Are we losing time with this new version that doesn't bring anything new? (At least, from mixing engineer perspective, whom I don't think are using smart control, drummers and midi processing a lot)
    Very myopic to believe that Logic is only a mixing tool. Yes, it has bunch of mixing features, but its strength is on creating music, and not simply audio production. MIDI and everything MIDI related will always be one of Logic's strengths. It has been its strength since 1988 and to this day is unbeatable for the things that it does. It's not perfect, but I have yet to see other DAWs compare in this field.

    Let's start with Smart Controls. These are the macro knobs and buttons that I have been complaining about Logic missing for the past 5 years or so. In fact, Apple went above and beyond with this one because not only can I attach one knob to many controls on various items in a channel strip and control them both proportionally and inversely proportional, I can now tie that knob to either my control surface, my keyboard controller, or my foot pedal controller and automate the shit out of it in a mix. Tell me no Logic user who mixes music has any use for this and I'll be the first to call bullshit!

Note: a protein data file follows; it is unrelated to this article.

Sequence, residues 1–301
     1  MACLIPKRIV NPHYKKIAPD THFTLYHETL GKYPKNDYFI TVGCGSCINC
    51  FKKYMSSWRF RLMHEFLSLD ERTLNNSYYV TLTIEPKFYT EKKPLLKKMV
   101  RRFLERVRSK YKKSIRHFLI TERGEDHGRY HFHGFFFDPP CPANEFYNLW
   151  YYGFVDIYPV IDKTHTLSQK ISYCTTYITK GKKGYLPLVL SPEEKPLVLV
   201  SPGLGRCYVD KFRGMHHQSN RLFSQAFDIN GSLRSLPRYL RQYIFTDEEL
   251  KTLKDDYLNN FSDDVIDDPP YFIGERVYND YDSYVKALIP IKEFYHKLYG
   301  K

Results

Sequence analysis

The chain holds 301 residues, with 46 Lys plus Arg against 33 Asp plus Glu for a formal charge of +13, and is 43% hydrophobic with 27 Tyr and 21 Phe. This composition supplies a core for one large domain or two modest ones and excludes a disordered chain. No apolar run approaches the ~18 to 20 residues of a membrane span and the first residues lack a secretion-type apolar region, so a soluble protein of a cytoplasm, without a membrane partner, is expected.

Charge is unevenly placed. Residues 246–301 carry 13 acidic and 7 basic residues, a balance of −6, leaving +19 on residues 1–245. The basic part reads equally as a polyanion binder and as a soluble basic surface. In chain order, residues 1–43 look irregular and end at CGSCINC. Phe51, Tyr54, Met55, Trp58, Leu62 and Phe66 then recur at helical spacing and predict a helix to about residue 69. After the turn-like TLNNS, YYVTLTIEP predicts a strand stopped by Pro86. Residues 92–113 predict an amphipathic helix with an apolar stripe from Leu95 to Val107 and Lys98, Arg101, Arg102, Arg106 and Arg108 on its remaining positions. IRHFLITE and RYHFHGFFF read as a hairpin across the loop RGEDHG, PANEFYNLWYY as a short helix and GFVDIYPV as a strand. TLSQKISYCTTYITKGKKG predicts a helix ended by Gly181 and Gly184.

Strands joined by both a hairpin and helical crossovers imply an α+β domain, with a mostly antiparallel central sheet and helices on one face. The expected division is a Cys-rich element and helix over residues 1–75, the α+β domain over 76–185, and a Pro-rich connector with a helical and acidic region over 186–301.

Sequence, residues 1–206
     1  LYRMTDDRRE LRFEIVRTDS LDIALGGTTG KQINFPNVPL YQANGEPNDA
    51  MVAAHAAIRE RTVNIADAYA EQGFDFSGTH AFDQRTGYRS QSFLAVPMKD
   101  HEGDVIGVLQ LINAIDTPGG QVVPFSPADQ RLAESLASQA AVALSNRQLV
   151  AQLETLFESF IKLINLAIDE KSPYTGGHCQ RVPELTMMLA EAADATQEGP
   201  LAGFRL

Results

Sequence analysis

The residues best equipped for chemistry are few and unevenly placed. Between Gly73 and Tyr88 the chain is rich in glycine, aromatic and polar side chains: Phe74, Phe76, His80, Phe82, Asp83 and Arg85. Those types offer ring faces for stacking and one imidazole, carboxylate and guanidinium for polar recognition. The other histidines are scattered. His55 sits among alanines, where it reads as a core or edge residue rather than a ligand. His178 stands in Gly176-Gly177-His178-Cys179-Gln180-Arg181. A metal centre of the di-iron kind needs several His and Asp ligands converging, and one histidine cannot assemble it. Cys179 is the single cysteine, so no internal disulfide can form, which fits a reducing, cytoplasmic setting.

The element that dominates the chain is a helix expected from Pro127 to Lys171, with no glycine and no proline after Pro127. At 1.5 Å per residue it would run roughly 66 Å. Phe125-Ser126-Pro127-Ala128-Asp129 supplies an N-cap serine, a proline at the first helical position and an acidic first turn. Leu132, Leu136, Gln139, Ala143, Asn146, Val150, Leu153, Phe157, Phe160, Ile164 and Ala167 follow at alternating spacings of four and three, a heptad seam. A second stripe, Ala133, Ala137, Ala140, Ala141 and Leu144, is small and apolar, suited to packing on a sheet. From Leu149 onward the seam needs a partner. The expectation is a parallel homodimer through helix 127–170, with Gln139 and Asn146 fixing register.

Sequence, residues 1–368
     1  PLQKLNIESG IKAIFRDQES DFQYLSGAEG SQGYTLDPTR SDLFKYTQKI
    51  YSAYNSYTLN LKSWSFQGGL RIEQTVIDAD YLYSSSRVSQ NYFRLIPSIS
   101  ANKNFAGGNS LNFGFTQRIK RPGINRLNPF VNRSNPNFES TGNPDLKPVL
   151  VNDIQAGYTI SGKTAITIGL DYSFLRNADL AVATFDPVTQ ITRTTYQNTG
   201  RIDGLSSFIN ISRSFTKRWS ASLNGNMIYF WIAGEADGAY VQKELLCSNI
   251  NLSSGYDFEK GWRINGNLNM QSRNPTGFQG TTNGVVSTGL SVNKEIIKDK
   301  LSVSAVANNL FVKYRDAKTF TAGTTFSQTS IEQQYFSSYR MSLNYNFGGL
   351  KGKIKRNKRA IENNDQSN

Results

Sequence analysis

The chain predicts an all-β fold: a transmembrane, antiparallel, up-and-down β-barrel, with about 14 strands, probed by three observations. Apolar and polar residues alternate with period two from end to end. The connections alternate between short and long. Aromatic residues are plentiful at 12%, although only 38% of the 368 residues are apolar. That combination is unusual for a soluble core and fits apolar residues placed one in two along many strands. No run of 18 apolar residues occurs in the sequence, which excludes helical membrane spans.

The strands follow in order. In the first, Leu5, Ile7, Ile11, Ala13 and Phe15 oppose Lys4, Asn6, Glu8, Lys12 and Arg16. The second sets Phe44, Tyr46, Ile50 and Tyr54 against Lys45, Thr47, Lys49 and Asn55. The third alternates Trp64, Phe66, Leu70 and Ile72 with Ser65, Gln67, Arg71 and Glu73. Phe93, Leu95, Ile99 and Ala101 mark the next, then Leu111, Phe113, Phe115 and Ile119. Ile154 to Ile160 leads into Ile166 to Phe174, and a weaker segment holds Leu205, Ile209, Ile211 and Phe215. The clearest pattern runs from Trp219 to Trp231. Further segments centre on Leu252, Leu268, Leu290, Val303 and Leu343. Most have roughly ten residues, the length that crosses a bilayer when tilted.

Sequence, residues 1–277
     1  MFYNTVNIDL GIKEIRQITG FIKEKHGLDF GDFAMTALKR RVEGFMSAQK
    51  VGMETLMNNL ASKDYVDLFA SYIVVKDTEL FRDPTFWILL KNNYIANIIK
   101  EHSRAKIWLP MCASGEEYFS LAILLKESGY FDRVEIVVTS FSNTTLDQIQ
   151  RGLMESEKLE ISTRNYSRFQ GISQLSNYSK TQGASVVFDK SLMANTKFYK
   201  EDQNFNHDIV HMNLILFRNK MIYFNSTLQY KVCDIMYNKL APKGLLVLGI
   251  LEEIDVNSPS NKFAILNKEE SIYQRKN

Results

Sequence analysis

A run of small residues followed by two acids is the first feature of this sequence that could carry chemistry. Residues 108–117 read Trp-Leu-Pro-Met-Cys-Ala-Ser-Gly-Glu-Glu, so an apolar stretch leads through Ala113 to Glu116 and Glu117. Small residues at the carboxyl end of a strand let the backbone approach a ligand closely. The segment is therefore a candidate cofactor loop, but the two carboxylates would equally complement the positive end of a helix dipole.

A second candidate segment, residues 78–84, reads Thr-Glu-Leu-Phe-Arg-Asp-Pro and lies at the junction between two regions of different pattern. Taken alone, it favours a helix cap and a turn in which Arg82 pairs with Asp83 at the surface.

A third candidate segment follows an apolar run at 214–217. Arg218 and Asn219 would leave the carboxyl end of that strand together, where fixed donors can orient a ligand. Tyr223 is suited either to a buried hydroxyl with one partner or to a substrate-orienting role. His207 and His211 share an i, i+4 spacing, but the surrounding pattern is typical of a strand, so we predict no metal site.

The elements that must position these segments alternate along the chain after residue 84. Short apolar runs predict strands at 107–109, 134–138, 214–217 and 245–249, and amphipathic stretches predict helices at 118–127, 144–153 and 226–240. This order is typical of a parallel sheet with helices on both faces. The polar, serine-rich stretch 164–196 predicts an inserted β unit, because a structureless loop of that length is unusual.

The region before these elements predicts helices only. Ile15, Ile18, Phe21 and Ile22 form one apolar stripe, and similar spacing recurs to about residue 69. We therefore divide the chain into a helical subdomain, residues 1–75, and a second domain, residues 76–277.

MIDI Processing is something that many Logic users have been crying for for the past 15 years mostly because they have been way too lazy to open the Environment window and wire things together. In other words, they have been trying to force Apple to dumb things down because of their own willingness to understand how Logic was working eleven years prior. Luckily for many of us longtime users, Apple delivered something that only appeared dumbed down but was really a huge step forward from the Environment: MIDI Scripting. Again, this is the tool of a Logic user and is very much what makes Logic what it is. And, when applied on a channel strip, you get far more possibilities than simple fader pushing and knob twisting.